British Science Week (8-17th March 2019) and International Women’s Day (8th March 2019) are two events not to be missed. For those in STEM (Science, Technology, Engineering, and Maths) industries, you’ll have seen a lot of media attention centred on #BalanceforBetter. This year’s International Women’s Day celebrated the achievements of women from around the world and raised awareness of the work still needed to reach a state of egalitarianism.
This year, the media covered the successful movements and some not so fruitful stunts, but none beat my long-held favourite creation to celebrate women in STEM – Little Miss Inventor. In March 2018, she joined the likes of the infamous Little Miss Sunshine to shine her light on a role that is equally as fit for a woman. The 36th Little Miss Character is intelligent, ingenious, and inventive and serves as a positive role model for generations to come.
Turning ideas into extraordinary inventions, to help her Mr Men and Little Miss friends, the launch of this character celebrated the two key events in the calendar for those of us ‘breaking the glass ceiling’ and moving into previously male dominated industries, such as science and technology. So to mark a year of a more inclusive Little Miss line up, we at TeamGinger reflect on our industry, considering how we can support women in STEM throughout the next year and into the future.
While the number of women in STEM careers remains relatively low – with only 23% of the UK’s STEM workforce being made up of women – figures are rising year-on-year. More women are pursuing careers as scientists, inventors, engineers, designers and technological innovators, as demonstrated by Little Miss Inventor.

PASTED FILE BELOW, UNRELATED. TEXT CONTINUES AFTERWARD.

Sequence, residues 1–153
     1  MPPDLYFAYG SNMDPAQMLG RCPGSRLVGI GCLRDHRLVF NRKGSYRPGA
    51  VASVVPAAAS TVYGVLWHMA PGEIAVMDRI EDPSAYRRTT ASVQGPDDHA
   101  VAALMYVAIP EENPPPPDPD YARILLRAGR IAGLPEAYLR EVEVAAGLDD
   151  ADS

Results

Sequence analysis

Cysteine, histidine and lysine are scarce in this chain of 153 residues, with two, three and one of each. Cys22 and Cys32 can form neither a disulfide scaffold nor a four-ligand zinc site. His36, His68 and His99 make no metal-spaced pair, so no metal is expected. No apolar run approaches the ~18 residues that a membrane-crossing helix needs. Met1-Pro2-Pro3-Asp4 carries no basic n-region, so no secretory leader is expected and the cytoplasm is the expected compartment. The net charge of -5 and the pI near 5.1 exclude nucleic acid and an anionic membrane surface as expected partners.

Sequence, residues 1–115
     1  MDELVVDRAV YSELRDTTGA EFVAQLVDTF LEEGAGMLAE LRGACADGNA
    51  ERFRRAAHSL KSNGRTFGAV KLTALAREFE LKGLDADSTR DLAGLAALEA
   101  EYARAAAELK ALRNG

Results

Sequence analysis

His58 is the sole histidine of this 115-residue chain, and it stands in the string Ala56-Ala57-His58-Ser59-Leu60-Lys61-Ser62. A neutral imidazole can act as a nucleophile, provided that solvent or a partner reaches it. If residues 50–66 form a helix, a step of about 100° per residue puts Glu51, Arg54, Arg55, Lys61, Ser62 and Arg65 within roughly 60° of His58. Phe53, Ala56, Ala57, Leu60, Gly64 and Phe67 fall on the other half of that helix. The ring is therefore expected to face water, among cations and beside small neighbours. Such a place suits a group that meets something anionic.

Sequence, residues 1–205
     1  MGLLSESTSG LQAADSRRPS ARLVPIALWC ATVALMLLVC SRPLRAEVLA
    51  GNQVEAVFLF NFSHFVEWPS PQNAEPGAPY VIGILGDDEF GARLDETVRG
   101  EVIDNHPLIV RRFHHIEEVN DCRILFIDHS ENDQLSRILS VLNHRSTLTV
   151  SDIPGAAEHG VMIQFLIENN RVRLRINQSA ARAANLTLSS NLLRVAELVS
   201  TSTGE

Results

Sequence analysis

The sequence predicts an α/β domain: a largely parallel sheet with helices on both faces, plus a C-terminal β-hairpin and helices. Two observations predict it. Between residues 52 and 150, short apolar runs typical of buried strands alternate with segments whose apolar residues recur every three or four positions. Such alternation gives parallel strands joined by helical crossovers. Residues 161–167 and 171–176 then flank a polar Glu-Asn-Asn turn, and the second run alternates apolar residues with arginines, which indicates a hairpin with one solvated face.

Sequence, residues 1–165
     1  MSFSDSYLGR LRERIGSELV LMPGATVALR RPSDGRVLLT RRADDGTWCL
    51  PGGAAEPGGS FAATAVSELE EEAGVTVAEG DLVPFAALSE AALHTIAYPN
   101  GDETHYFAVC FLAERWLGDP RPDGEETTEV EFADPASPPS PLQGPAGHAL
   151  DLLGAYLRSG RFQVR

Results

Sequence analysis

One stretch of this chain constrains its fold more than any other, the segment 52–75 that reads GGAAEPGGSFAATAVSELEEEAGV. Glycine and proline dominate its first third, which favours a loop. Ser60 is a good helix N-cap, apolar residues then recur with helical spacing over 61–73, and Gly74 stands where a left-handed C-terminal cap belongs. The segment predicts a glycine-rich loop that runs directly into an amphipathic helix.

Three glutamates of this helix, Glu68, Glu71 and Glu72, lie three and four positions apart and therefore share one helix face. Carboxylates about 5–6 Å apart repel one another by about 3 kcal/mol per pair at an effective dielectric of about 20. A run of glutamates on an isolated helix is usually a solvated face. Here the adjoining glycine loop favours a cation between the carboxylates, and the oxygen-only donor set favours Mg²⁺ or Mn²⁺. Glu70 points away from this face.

However, for women to truly challenge stereotypes and forge successful careers in our industry, we need to ensure they have the tools to help them succeed. There has been a lot of positive movement in the fight for equality, with campaigns working to close the gender pay gap, companies setting up groups to support women’s development in male dominated industries, campaigns promoting women’s voices, and increasing calls for equal representation across media and events. But there is more to be done.
STEM employers have found it notoriously hard to attract, train, and retain female talent. Educators and business leaders tout fear as the defining factor, keeping young girls from pursuing careers in the subjects. While a recent study found problems with child care to pose a significant challenge in retaining the women that have chosen to work in the industry. The research found that over the eight-year period following the birth of their first child, 43% of women would leave their full-time position. This figure is however becoming less dissimilar for fathers, with almost a quarter (23%) of men leaving their full-time STEM jobs in the same period, thanks to more modern approaches to parenting.
STEM Supporting Families
With 65% of GingerMay’s leadership team being working mothers, our company culture believes in ‘finding the balance’ between work and home life. We have secured one of the lowest staff churn rates in the industry by offering:
- Real flexibility: Truly adaptable working hours that suit the needs of each and every staff member, whether they’re working parents or not
- Attainable workflow: By investing in larger than average client-facing teams – with a minimum of three members of staff per account – we reduce excessive working hours and allow parents to leave the office on time to spend quality time with their families
- Perfect perks: From monthly company-funded socials to an extra day of annual leave for birthdays, we encourage our team to maintain a healthy work-life balance
The Mr Men and Little Miss books have been revising and reimaging themselves for almost 30 years, but with more role models like Little Miss Inventor and more parents pursuing their careers in STEM, the future looks bright for balanced opportunities – in education, career opportunities, and pay.
By Sarah Redman, Account Manager